The most novel safety feature of the SL is the flip-up roll-bar. A fixed bar spoils the looks of a full convertible, so the SL driver has the choice of raising the padded bar by hydraulic means or leaving it down. But should the car be involved in a crash, the spring-loaded bar is disconnected from the hydraulic pistons, flipping up and locking in place in a third of a second. This action is triggered by impact sensors and depends on deceleration of more than 4g or a tilt of more than 26°, as long as one of the rear suspension arms is on droop, proving that the wheel has left the ground.

Hood operation is powered, of course, using extremely high pressures so as to allow very small actuating cylinders hidden in the screen rail to lock the roof. There is no manual input at all; as long as the button is held down (to avoid trapping fingers) the roof retracts in 30 seconds and conceals itself with a neat cover. During this complex operation, which involves 15 cylinders and 11 solenoids, the roll-bar and side windows are lowered, returning automatically to whatever position the driver left them in.

Watching the fabric roof unfold is slightly disconcerting, because against all the rules of physics it expands in all directions including width to overlap on all sides the hole it has just emerged from. Draughting the inter-action of all those links must have kept the computers busy for days.

The whole roof structure is tensioned with steel ropes which act on rubber seals to isolate and quieten the interior, and internal stiffening prevents it ballooning up. Two-piece construction makes for easier replacement should the fabric be damaged. Although the drag when open is 30% up on the closed figure, the old SL was worse with its hood up than the new one is open. Extra comfort comes from a detachable screen of see-through fabric which clips to the rollbar and stops any draughts down the collar. This also helps keep heated air in the cockpit. Mazda has had the same idea for its RX7 convertible, and so far both companies are describing the feature as unique.

Automatic climate control incorporating an ultra-effective pollen filter is standard, and it makes allowances for whether the roof is open or closed. It also runs for up to 30 minutes with the engine off.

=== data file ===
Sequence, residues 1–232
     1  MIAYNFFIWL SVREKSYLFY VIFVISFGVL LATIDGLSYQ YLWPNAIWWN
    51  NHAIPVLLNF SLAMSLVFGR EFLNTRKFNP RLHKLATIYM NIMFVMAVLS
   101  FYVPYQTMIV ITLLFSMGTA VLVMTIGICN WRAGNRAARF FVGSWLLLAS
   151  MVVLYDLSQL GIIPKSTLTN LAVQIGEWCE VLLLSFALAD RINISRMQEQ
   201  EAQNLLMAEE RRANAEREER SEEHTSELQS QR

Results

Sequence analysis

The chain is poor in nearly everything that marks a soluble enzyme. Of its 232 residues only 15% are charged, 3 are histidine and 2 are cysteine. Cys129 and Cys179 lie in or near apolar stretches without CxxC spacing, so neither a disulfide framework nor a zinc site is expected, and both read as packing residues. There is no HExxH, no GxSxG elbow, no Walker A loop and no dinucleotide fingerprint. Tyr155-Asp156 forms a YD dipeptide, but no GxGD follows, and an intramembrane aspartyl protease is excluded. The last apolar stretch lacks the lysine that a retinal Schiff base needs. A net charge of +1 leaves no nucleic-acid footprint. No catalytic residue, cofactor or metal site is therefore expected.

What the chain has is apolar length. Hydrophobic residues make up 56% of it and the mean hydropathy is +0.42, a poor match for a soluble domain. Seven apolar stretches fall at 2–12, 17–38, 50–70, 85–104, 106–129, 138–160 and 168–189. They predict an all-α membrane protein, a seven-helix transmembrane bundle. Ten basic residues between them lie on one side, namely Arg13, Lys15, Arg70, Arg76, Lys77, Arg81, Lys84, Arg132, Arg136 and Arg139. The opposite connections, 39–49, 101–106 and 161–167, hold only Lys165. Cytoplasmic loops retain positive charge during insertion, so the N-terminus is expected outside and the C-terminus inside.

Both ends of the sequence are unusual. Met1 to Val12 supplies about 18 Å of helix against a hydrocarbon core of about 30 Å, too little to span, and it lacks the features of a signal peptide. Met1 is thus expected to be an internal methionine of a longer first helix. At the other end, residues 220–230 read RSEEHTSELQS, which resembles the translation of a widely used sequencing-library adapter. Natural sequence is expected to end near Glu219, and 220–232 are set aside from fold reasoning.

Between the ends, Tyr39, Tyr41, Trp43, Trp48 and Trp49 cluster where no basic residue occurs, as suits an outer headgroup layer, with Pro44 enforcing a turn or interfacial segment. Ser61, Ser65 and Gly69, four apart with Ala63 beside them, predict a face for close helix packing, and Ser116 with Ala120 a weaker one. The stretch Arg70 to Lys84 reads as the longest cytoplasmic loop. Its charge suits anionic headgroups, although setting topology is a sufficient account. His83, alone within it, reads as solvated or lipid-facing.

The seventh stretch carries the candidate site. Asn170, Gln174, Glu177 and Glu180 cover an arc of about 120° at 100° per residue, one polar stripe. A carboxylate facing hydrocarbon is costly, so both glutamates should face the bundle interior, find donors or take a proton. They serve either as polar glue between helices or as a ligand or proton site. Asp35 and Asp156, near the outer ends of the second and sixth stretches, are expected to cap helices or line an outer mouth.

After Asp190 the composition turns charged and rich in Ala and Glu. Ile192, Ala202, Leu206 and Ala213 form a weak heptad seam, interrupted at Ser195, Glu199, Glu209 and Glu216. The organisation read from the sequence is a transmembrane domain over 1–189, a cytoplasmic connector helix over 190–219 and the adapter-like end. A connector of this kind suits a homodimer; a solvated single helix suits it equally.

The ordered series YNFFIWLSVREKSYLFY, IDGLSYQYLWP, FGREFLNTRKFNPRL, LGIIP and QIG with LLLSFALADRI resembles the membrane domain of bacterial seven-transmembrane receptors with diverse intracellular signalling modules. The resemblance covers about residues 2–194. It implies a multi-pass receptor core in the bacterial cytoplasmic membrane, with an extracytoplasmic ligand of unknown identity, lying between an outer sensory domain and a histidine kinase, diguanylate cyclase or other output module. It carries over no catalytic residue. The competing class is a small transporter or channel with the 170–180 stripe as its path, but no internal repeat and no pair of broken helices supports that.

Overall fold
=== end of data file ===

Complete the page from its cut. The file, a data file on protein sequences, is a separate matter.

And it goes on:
A light-weight (74 lb) aluminium hardtop is standard issue with every SL, and this also locks in place with the push of a button once it is positioned. Synthetic materials were considered for the hard-top, but although these can be made strong enough, they were rejected because they are not able to stand up to the abrasion of an overturned car sliding on its roof, and Mercedes’ figures show that cars turn over in some 10% of accidents.

Interior comforts are abundant: the seat position memory also alters the steering column height and all mirrors, including the interior. The outer pair of fascia vents is controllable remotely, and heated air is fed behind the door panels so that they do not chill the elbows.

As well as the doors, which unlock automatically in the event of a crash, the central locking secures the glove compartment and other interior stowage, while there is an option of remote control for this which also closes the side windows, using an infra-red key which changes its combination every time it is used.

Mercedes’ multi-link rear suspension is employed for the SL, the various bushing movements being designed to cancel each other out and avoid toe-in changes. At the front the uprights pivot on a transverse arm with an inboard spring and a vertical strut outboard. On the base car this is a simple damper, but for dearer models yet more sophistication is on offer. We have already seen the automatic traction control (ASR) and auto-locking differential (ASD) which will be available along with ABS, but to complete the acronymic quartet there is now ADS — Adaptive Damping System. This is aimed at reconciling the desire for a soft ride with firm control of body movement, and switches between four degrees of damping according to a sophisticated variety of incoming information. Damping forces increase with overall speed, cornering force, steering input, sharp acceleration or braking, extra weight and sudden wheel deflections as over potholes or rough surfaces.

Coupled to this is an automatic level control which maintains ride-height at all four corners, until 75 mph is exceeded, when it lowers the body by 15mm to decrease lift and drag. Below 50 mph the driver can also add 30mm ground clearance for rough tracks.

Non-ADS models rely solely on the coil springs, but ADS cars actually spread the weight between the coils and gas pressure in the dampers; this is much more sophisticated than the hydropneumatic system of the S-class.

To accomodate sufficient braking power the alloy wheels are of 16in diameter, and the front discs are ventilated. All models are equipped with ABS, and the 225/55 tyres are of ultra-high-speed ZR rating. When we finally see a V12 version, it will be no faster at the top end — the same 156 mph to which the 500 is electronically governed, as the V12 will be. Officially this is for the sake of the tyres, and there is certainly a justification for this, but 156 mph is of course 250 kph, a sensitive speed in a country where environmental concerns are very pressing.

The prices released in Geneva were less frightening than expected: 300 SL will reach Britain first, in September, at about £40,000. When the multivalve models will arrive has not yet been determined. GC